The curfew, which mandates Quebecers other than exempt groups to stay off from the streets between 8 p.m. and 5 a.m. until Feb. 8, is the latest measure imposed by Quebec Premier Francois Legault, which he says will serve as an “electroshock” for Quebecers to stay home amid the COVID-19 pandemic.
“We are obliged to provide a type of shock treatment so that people reduce their visits,” Legault told reporters last week, adding that “the police are important allies in the fight against the virus.”
The provincial police said they targeted about 20 locations across multiple municipalities in response to protests against the curfew on the first night, and issued more than 150 tickets.
Fines for not complying with the curfew rules can range from $1,000 to as high as $6,000, police said.
Quebec police spokesman Sgt. Etienne Doyon said they issued fines to about 20 people protesting outside the Museum of Civilization in Old Port around 8:20 p.m., and detained some protesters who refused to identify themselves.
In Montreal, tickets were issued to protesters in the city’s Plateau borough, according to spokeswoman Const. Caroline Chevrefils.
Montreal police said Sunday that they issued 84 tickets in total, including 17 to protestors. Police said no tickets were issued to people who were homeless.
In Sherbrooke, a city in southern Quebec, police fined about a dozen people protesting the curfew. Another 11 tickets were issued in the city of Trois-Rivieres, and according to local police, they managed to dissuade a group of people who intended to protest against the curfew, with no one being issued a ticket eventually.
One planned protest in the Montreal suburb of Longueuil appeared to fizzle, said Longueuil police Capt. Jean-Christophe Fortin.
In nearby Chateauguay, police had stopped 143 vehicles and 161 people by midnight, and issued six tickets.
“The majority of vehicles intercepted and citizens stopped had a valid reason that is on the list of exceptions,” spokeswoman Const. Jenny Lavigne said.
As of Jan. 10, the province has reported 1,869 new infection cases, 18 new associated deaths, and another 56 hospitalizations.
Whether implementing a curfew is effective in curbing the COVID-19 spread, the province health director Dr. Horacio Arruda said there is no hard evidence to back it up.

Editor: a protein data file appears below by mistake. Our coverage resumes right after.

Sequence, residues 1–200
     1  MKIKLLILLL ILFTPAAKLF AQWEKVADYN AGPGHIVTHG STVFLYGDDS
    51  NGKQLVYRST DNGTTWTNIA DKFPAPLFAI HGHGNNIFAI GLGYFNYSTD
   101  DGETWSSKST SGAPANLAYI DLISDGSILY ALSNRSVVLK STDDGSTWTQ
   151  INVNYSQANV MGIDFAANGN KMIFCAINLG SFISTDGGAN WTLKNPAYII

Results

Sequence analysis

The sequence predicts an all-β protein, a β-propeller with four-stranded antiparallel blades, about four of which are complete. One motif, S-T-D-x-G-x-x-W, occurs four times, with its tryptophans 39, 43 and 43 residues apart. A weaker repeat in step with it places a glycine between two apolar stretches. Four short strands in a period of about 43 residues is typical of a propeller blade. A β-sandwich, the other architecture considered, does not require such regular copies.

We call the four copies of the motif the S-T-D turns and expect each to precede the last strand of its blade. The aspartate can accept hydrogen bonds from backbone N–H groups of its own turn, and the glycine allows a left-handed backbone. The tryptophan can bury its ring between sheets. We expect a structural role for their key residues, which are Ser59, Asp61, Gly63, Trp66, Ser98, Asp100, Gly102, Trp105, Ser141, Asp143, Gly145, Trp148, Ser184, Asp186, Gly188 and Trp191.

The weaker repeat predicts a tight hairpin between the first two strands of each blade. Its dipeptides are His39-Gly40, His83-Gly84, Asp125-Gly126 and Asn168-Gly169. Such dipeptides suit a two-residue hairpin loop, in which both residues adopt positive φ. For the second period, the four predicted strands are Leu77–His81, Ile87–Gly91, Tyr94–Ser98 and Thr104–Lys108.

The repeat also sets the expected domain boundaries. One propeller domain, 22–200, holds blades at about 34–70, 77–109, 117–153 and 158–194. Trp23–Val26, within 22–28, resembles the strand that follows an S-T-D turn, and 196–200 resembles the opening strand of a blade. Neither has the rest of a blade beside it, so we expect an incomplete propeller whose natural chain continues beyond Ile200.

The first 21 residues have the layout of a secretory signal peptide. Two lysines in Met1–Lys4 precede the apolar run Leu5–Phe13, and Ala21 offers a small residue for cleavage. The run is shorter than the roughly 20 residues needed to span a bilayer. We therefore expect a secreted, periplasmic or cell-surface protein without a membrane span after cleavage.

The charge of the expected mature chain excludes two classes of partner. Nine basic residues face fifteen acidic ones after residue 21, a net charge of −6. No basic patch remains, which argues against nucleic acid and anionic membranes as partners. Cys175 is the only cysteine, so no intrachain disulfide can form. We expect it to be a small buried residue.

“There’s no science that can tell you what measure will have what percentage effect,” Arruda said last week, adding that the curfew is part of a series of measures that seeks to reduce social gatherings and contact between people.
Matt Strauss, a journalist and a critical care physician at Guelph General Hospital, disagree with Quebec’s curfew.
“No. No. No. Curfews are not a ‘way to communicate.’ You do not trample on civil liberties to ‘communicate,’” Strauss wrote on Twitter, citing an article by the Globe and Mail.
“The benefits of lockdowns to prevent deaths from COVID-19 are far from proven. The very best paper evaluating whether lockdowns save lives was performed by researchers at the University of Toronto, Drs. Chaudry and Riazi, and published by the Lancet. They took data from 50 countries reporting COVID-19 mortality and performed statistical analyses to see whether those that enacted strict lockdowns had fewer COVID-19 deaths. They did not,” Strauss wrote.
“A similar analysis, by a Dr. Leffler and colleagues, used data from 200 countries and was published in the American Journal of Tropical Medicine and Hygiene. It likewise found no effect of lockdowns on COVID-19 mortality.”
He added that while those papers could be criticized, and perhaps better data could one day supersede them, but “the cold, hard fact is that lockdowns do not seem to achieve what one might hope” as of now, and thus he called for a more focused protection plan in which resources can be poured in “protecting society’s most vulnerable, rather than subsidizing less vulnerable people to make unnecessary sacrifices.”
With files from The Canadian Press